Service organizations often ask our firm if they have to give out their SOC 1 (formerly SSAE 16) or SOC 2 report to user organizations or prospective user organizations. The short answer is no; however, that is usually not the correct response to requests and the reasons for not sharing can be complicated. This blog post may be useful in helping service organizations decide what to do.
- User Organizations (Clients) – When existing clients ask for the report that covers the services they are receiving from the service organization, every effort should be made to provide the client with the report. The report should be sent over immediately without delay. Even if the report is qualified. Sometimes we are asked if we can prepare an abstract of the report that can be shared in lieu of the actual report. The answer to this question is no. The entire report is an auditor-to-auditor communication in the case of the SOC 1 and a management-to-management communication in the case of the SOC 2. All the information that should be communicated is within the report. Anything less, such as an abstract, would be omitting some potentially important information.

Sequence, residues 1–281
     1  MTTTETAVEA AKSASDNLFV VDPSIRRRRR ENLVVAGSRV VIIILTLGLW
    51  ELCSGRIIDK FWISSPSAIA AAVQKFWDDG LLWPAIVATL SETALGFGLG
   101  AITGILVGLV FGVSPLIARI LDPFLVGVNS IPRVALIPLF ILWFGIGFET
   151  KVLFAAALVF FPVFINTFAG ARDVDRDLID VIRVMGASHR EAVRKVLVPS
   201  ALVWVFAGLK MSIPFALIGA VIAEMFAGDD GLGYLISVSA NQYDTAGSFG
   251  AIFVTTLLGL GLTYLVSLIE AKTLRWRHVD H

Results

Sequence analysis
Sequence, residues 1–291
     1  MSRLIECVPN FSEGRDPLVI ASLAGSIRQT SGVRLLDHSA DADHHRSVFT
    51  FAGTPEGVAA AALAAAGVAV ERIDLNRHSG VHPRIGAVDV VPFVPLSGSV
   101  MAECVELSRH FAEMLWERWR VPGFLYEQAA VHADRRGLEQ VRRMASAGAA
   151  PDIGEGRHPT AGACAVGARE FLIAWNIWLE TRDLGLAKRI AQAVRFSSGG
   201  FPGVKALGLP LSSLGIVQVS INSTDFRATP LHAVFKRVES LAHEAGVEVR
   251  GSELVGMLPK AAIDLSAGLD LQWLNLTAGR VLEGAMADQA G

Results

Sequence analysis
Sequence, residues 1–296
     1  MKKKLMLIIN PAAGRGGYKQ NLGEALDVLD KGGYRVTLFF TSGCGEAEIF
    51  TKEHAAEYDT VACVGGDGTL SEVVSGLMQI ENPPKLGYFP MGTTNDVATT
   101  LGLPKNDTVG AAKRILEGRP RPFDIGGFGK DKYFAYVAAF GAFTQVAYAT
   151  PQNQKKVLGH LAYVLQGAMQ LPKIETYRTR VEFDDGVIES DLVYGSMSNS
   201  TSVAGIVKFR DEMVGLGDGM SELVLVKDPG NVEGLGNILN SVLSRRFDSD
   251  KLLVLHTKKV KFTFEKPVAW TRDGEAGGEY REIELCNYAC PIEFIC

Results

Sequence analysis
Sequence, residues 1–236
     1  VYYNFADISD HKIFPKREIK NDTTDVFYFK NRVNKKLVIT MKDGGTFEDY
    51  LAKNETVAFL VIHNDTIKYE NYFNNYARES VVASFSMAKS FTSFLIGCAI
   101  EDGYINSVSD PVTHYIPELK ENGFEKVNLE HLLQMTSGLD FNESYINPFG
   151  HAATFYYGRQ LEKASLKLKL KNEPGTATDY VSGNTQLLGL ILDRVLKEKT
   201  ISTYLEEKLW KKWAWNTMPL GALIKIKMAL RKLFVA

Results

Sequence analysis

- Prospective User Organizations (Future Clients) – When prospects ask for the report, it is usually part of due diligence. In other words, the prospective client wants to have a degree of assurance that the report exists and there are internal controls in place at the service organization. This sounds reasonable and it is. There are a couple of response options with this sort of request: 1) Ask the service auditor to prepare a single-page letter that simply states that the service organization has undergone an audit for the period(s) [state the periods] or 2) provide them with an access letter [go here for an SSAE 16 access letter] and have the requestor return the signed letter to you, the service organization.
Newel Linford is the co-founder of Linford & Co., LLP, the Managing Partner, and specializes in SOC and royalty examinations. He started his career with Ernst & Young in 1997. He has lectured at Data Center World, Rocky Mountain Area Conference for Finance & Accounting Professionals, University of Denver, and University of Colorado Boulder. He works closely with his clients so that the examinations meet the public needs and are performed in accordance with professional guidance.